Anger Behind the Scenes When Valeant Jacked Up Price by 2,700% for Lead Poisoning Drug
October 12, 2016
By Alex Keown, BioSpace.com Breaking News Staff
LAVAL, Quebec – Valeant Pharmaceuticals (VRX) is under fire this morning over a 2,700 percent price hike of a drug used to treat lead poisoning, a position the company has become familiar with as it is perceived as the poster child of astronomical price hikes.
Valeant acquired the drug Calcium EDTA in 2013 when it acquired Medicis for $2.6 billion. When the Canadian company acquired the drug, pricing for the intravenous treatment had remained steady at $950, Stat News reported Tuesday. However, as was typical for Valeant, once it acquired the drug, prices jumped to $7,116 in January 2014. The price more than tripled by the end of that year though, climbing to a staggering $26,927 in less than 12 months, Stat News reported, citing data from Truven Health Analytics.
As could be expected, physicians and poison control specialists have been livid over the price hikes – especially since there are few other treatment options. Michael Kosnett, an associate clinical professor in the division of clinical pharmacology and toxicology at the University of Colorado’s School of Medicine, told Stat News that the drug is a standard of care for lead poisoning. He said the drug had been widely available at an affordable price – that is, until Valeant acquired the drug.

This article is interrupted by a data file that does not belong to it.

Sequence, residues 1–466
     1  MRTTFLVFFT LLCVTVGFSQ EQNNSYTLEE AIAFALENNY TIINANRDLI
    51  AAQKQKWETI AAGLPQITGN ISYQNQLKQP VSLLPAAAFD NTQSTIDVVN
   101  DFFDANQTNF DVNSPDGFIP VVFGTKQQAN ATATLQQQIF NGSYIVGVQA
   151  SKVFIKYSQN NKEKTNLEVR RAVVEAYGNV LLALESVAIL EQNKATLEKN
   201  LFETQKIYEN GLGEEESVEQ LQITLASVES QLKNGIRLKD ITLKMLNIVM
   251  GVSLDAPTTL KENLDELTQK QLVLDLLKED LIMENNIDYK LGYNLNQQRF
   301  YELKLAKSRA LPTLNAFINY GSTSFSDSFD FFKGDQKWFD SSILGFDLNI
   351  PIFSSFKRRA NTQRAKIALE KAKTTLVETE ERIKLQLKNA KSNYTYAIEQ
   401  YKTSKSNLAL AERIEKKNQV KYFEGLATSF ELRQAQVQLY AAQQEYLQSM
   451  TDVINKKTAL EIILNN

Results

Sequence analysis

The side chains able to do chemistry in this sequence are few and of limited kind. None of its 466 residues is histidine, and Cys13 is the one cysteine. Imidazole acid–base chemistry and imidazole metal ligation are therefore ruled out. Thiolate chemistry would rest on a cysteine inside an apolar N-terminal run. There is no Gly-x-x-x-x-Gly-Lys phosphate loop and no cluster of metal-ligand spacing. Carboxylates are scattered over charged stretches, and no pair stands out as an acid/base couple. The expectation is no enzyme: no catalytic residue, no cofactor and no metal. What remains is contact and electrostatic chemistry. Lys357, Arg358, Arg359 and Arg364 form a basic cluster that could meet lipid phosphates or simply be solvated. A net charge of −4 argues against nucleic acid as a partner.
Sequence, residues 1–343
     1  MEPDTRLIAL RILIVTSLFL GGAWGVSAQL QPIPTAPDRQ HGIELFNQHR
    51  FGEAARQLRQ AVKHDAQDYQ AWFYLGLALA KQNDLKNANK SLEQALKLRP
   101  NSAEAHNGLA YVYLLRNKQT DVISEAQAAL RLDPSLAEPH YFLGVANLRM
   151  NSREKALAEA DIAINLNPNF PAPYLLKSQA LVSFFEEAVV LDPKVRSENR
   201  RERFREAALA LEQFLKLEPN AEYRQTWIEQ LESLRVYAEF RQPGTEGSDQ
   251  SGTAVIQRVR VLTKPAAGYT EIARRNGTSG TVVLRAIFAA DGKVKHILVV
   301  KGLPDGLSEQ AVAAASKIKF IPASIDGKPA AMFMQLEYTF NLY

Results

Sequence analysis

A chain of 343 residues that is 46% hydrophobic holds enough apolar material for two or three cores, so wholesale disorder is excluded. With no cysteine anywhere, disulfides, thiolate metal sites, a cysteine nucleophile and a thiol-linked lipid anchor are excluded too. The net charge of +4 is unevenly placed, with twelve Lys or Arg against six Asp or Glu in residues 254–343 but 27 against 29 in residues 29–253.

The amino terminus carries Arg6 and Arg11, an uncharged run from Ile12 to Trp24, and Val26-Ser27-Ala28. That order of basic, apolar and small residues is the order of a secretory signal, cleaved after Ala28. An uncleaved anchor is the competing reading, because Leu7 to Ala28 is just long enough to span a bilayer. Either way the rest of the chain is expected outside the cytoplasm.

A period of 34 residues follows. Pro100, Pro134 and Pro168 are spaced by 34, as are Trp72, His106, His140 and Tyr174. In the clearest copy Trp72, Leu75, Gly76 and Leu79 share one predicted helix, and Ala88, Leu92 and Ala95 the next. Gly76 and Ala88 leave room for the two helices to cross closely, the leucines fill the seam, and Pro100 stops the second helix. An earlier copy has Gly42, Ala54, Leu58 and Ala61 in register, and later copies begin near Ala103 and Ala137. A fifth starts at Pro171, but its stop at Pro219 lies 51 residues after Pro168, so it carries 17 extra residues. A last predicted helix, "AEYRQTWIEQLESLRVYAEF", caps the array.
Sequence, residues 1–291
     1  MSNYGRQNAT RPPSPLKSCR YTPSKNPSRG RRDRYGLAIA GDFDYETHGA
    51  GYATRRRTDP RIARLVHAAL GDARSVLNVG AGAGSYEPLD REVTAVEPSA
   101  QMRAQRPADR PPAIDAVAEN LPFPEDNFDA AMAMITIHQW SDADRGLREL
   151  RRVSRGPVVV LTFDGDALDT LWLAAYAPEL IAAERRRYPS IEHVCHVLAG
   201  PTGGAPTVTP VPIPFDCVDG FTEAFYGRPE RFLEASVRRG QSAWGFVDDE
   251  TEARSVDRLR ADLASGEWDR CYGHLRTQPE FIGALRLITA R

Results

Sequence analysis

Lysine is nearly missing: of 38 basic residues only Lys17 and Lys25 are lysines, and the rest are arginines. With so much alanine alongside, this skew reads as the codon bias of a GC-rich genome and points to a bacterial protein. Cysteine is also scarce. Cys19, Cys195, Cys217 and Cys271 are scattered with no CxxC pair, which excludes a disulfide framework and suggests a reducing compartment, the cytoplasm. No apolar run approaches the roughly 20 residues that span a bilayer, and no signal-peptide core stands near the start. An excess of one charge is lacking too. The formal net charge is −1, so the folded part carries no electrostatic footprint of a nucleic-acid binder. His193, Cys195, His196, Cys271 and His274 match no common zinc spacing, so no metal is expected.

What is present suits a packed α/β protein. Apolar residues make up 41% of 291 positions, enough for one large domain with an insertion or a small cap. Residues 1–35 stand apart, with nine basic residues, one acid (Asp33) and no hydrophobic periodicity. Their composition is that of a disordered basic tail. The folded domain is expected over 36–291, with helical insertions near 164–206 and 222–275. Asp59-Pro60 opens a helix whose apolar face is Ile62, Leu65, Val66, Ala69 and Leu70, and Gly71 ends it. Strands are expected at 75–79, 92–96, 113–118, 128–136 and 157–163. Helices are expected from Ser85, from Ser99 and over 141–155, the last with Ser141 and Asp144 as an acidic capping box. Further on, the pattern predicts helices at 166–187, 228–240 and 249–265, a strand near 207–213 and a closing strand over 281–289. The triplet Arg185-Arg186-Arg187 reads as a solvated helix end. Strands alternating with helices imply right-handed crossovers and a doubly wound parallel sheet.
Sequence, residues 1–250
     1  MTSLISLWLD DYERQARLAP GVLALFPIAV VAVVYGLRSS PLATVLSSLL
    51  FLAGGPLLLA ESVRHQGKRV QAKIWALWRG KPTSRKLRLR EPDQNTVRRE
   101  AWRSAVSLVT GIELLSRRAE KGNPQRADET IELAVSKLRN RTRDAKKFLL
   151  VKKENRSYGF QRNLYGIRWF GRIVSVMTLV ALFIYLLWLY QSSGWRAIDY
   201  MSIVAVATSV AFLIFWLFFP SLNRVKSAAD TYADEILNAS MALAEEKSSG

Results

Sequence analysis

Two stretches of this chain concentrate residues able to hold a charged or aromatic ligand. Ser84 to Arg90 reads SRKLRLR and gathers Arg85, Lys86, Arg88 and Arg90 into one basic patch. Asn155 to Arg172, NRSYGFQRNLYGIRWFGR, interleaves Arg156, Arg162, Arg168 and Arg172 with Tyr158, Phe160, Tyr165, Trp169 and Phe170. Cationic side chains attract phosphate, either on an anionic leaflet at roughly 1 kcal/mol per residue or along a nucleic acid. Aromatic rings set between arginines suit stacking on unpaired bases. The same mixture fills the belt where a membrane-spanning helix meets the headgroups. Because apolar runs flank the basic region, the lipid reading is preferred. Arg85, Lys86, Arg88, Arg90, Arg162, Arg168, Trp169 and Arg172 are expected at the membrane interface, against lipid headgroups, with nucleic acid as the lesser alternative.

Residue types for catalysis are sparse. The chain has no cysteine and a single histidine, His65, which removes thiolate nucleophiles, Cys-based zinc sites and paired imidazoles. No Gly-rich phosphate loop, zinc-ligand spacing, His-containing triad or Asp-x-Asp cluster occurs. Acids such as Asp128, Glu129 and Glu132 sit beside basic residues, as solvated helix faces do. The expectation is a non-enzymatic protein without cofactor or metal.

“There’s no justification for the astronomical price increases by Valeant, which limit availability of the drug to children with life-threatening lead poisoning,” Kosnett told Stat News.
When Valeant acquired the lead poisoning drug, Stat said Valeant had to initially resolve manufacturing problems that created shortages of Calcium EDTA. A spokesperson for the embattled company told Stat that the price increases for Calcium EDTA are justified, particularly when supplies and ingredients of the drug are taken into consideration.
“The list price increases over the past several years have enabled us to provide to the market consistent availability of a product with high carrying costs and very limited purchase volume of 200 to 300 units per year,” the spokesman said, according to Stat. “Given [the drug’s] relatively limited shelf life, the company takes substantial carrying cost risk and has written down at its own expense approximately half of purchased quantities in the past few years.”
Lead poisoning is not a widespread issue. Stat noted there were 50 serious cases reported in 2015.
This is certainly not the first time the company has been under fire for hiking the price of newly-acquired drugs. Before the company came crashing down following concerns over leadership, debt and accounting practices, the company was well-known for its price hikes. According to a 2015 Deutsche Bank report, Valeant increased prices on its brand-name drugs an average of 66 percent, about five times more than its other competitors. Last year, Valeant faced scrutiny from U.S. lawmakers and two U.S. attorney’s offices over pricing of drugs acquired through acquisitions. Valeant was under fire for a price increase of two cardiac drugs, Nitropress and Isuprel, the company acquired through its deal for Salix Pharmaceuticals, Ltd. (SLXP). Valeant then increased the prices for those drugs by 212 percent and 525 percent, respectively. Valeant acquired the two drugs in April. Valeant has also been criticized for quadrupling the price of the 55-year-old drug Cuprimine, used in the treatment of Wilson disease.